Ferries boss outlines challenges

Mike Corrigan speaks to joint meeting of the Parksville and Qualicum Beach chambers of commerce

BC Ferries president and CEO Mike Corrigan spoke to a joint meeting of the Parksville and Qualicum Beach chambers of commerce on Thursday night.

BC Ferries president and CEO Mike Corrigan spoke to a joint meeting of the Parksville and Qualicum Beach chambers of commerce on Thursday night.

When Mike Corrigan was a professional hockey player, he didn’t shy away from the rough stuff.

The president and CEO of BC Ferries also didn’t pull any punches Thursday night when he addressed a joint meeting of the Parksville and Qualicum Beach chambers of commerce.

“Everybody has a different opinion on what BC Ferries is,” said Corrigan. “It doesn’t matter if the ferry system is within government or outside of government — it costs a lot to run a ferry system.”

Corrigan presented loads of numbers to the 120 people in attendance, including the fact the ferries, overall, run at about 50 per cent capacity. He pointed to the airlines, which generally run at 80 per cent capacity or cancel flights.

“If we did that (cancel sailings that aren’t 80 per cent full) at BC Ferries, I guarantee you one thing: there’d be a new CEO talking to you here next year,” he said. Corrigan also spoke of plans to introduce cable ferries (Buckley Bay to Denman Island) and, despite the capital costs, converting as much of the fleet as possible from diesel-powered to liquid natural gas.

He said between 2004-2012, fuel costs skyrocketed to $120 million a year from $50 million, “and obviously we have to pass those costs along.”

Corrigan said BC Ferries gets 25 per cent of its revenue from government and 75 per cent from fares and services.

“That (75 per cent) is a heck of a lot more than any other ferry service in the world,” said Corrigan. “I think the taxpayers are getting a good bang for their buck.”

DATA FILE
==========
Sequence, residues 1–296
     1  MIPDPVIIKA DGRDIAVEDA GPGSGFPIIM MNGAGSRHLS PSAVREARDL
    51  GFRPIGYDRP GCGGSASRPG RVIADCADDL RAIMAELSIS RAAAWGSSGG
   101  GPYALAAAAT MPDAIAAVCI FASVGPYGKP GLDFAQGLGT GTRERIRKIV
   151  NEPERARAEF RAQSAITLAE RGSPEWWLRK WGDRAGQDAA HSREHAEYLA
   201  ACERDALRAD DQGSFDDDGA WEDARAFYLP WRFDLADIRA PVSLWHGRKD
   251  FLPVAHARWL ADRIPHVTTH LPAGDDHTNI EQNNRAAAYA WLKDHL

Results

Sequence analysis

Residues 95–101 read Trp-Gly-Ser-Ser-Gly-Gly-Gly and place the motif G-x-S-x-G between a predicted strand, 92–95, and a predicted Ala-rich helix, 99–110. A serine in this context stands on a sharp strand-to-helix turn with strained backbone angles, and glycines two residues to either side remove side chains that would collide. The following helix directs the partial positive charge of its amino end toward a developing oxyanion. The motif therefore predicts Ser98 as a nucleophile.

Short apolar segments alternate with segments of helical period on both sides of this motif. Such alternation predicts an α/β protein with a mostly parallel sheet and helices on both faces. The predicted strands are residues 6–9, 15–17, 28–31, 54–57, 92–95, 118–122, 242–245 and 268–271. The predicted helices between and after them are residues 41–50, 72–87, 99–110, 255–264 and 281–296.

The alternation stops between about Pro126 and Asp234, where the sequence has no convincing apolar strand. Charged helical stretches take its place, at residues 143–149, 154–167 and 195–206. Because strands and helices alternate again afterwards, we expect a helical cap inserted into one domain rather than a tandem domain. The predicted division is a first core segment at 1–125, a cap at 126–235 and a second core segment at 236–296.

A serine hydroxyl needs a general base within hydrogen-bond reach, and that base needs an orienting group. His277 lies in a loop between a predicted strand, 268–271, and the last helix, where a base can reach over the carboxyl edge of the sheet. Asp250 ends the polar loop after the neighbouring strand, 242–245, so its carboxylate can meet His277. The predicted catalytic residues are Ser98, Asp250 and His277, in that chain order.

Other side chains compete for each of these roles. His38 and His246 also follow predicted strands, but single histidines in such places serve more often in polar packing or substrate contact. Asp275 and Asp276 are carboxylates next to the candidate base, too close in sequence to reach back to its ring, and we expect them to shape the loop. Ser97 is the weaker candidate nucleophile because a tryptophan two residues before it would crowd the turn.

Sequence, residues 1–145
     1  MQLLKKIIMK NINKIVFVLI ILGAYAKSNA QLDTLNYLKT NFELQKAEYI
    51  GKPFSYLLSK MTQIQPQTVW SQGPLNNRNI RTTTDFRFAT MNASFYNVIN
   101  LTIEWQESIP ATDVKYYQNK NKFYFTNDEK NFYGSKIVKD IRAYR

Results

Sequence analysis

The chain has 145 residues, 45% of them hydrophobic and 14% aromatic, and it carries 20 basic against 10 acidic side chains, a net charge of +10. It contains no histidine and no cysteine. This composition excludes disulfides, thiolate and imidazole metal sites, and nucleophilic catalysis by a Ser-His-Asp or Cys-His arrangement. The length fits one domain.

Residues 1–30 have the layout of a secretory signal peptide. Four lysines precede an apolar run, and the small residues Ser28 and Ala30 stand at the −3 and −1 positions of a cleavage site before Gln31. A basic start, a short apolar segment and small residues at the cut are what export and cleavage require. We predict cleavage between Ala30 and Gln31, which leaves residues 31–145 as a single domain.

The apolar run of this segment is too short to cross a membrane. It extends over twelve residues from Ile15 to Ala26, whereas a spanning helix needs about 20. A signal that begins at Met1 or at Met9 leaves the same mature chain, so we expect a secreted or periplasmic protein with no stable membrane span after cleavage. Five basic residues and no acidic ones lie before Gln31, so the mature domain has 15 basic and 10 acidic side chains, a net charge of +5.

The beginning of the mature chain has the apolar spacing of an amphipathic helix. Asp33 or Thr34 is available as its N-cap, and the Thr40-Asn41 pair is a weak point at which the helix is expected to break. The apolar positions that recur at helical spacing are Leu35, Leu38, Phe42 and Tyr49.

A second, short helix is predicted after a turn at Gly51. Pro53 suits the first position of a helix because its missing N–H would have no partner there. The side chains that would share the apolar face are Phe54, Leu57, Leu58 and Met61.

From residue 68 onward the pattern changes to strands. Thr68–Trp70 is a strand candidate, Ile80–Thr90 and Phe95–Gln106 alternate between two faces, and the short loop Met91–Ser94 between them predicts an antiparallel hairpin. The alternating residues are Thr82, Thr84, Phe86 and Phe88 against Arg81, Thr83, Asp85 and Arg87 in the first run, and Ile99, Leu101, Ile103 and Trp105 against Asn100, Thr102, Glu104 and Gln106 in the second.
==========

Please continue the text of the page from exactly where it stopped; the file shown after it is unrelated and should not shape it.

Questions from the floor after Corrigan’s presentation centred around fares and services offered on the ferries. One chamber member suggested the sales of alcohol on board might mitigate some of the expenses. Corrigan expressed some caution about the idea, but did say “maybe we need to look at it.”

Before anyone asked, Corrigan addressed the question about whether BC Ferries should be considered an extension of the provincial and/or federal highway system.

“You need to go ask the Minister of Transportation that question,” he said.

Corrigan was drafted by the NHL’s Detroit Red Wings in 1980. He never played in the NHL, but he did play 229 games in North American minor professional leagues, recording 120 points and 445 penalty minutes with the Kalamazoo Wings and the Adirondack Red Wings.

Corrigan has been a senior executive with B.C. Ferries since joining the company in 2003. He has a MBA from the University of Victoria, a Bachelor of Business from the University of Western Michigan and an Arts Degree from Kalamazoo College in Michigan. Corrigan grew up in Sudbury, Ontario and now lives in Victoria with his wife and two daughters.

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